With the advent of the Internet and the World Wide Web, technology has become more relevant and important (Braun, 1997; Harp, 1996; Johnson & Rector, 1997; Rose & Fernlung, 1997). Connecting to the internet will provide classrooms with more information, but “realizing the benefits of this gold mine of information depends on the willingness and ability of the teacher to introduce Internet-based projects that connect to the real world, build skills, and are fun to do” (Maskin, 1996). The Internet is replete with thousands of highly specialized, content-rich web sites and resources. But, the mere presence of content does not make it relevant to students. Braun (1997) indicated that social studies curriculum must use the interactive nature of the Internet (and technology) to intimately engage students in the content. Through electronic mail, discussion groups, search engines, and on-line research, students can investigate personally relevant issues and topics of interest. Multimedia, computer-based presentation software, and HTML-authoring tools also allow students to interpret, construct meaning, and present data in a meaningful way to their peers and instructors.
By fostering critical thinking, developing research and analytical skills, and encouraging processes of inquiry and investigation technology can be used as a productive tool. Digital archives like the Library of Congress’ American Memory project, the National Archives’ Digital Classroom, and the Virginia Center for Digital History’s Valley of the Shadow provide a wealth of primary source materials for use in the history classroom. Several researchers contend that unprecedented access to these materials is drastically changing the methods for teaching and learning history (Harp, 1996; Tally, 1996: Yeager & Morris, 1995). By reading, interpreting, collecting, organizing, presenting, and writing about primary source records, students are able to stand, if just for a moment, in the shoes of the historian.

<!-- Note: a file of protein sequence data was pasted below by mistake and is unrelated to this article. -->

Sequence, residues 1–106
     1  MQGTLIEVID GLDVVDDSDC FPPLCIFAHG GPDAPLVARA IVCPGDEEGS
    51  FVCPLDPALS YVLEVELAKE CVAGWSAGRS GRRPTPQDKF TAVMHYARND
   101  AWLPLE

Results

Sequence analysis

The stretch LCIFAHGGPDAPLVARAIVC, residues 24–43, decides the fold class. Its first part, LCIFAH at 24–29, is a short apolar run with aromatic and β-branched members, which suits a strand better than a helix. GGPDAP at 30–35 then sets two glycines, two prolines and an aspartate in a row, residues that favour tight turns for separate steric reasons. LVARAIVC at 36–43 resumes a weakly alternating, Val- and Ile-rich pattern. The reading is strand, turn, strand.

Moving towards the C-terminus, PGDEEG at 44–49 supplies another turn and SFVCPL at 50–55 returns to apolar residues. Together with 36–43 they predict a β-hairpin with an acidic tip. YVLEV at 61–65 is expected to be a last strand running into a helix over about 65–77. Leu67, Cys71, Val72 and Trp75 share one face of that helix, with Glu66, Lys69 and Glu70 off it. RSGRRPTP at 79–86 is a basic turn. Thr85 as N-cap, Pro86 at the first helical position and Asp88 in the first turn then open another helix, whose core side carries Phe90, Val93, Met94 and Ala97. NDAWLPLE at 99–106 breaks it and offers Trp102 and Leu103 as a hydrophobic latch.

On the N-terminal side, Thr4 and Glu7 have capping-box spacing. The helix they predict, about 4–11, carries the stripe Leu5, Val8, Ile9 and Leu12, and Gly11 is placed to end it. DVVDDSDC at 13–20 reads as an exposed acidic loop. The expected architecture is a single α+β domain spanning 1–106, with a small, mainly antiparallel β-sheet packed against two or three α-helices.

Yaeger and Morris (1995) suggest that the computer could help students develop skills such as deductive thinking, problem solving, investigation, creative thinking and interpretation. Computers possess the ability to process, compile, store, and organize information. Because of these capabilities computers can serve as a “historical tool” for students (Harp, 1996; Yeager and Morris, 1994). Through the use of databases, students can track historical trends, synthesize information, analyze data, and draw historical conclusions based on evidence (Fontana et al., 1993; Jennings, 1994; Ramos & Wheeler, 1989; Vockell, 1992). By using powerful search engines, students can sort through databases of primary source materials to draw equally powerful conclusions (Harp, 1996; Tally, 1996).
The standard “textbook” version of content is being written out of the curriculum and is being supplanted by a version of content derived from student research, investigation, and interpretation (Harp, 1996). In this paradigm knowledge ceases to be scripture handed down from omnipotent scholars. That is, it embraces its new authors, the students. Technology has done much to facilitate this change by empowering students and encouraging them to draw their own interpretations (Adams, 1995): Clark, 1995; Jennings, 1995). By gaining research and analytical skills, students can work with economic statistics, geographic information, and political data to develop critical history and social science skills (Adams, 1995; Ehman et al., 1992; Elder & White, 1989; Fontana et al., 1993; Hannah, 1985; Jennings, 1995; Unia, 1990; Weiner, 1994).
Technology and Theme #2-Integrative Teaching and Learning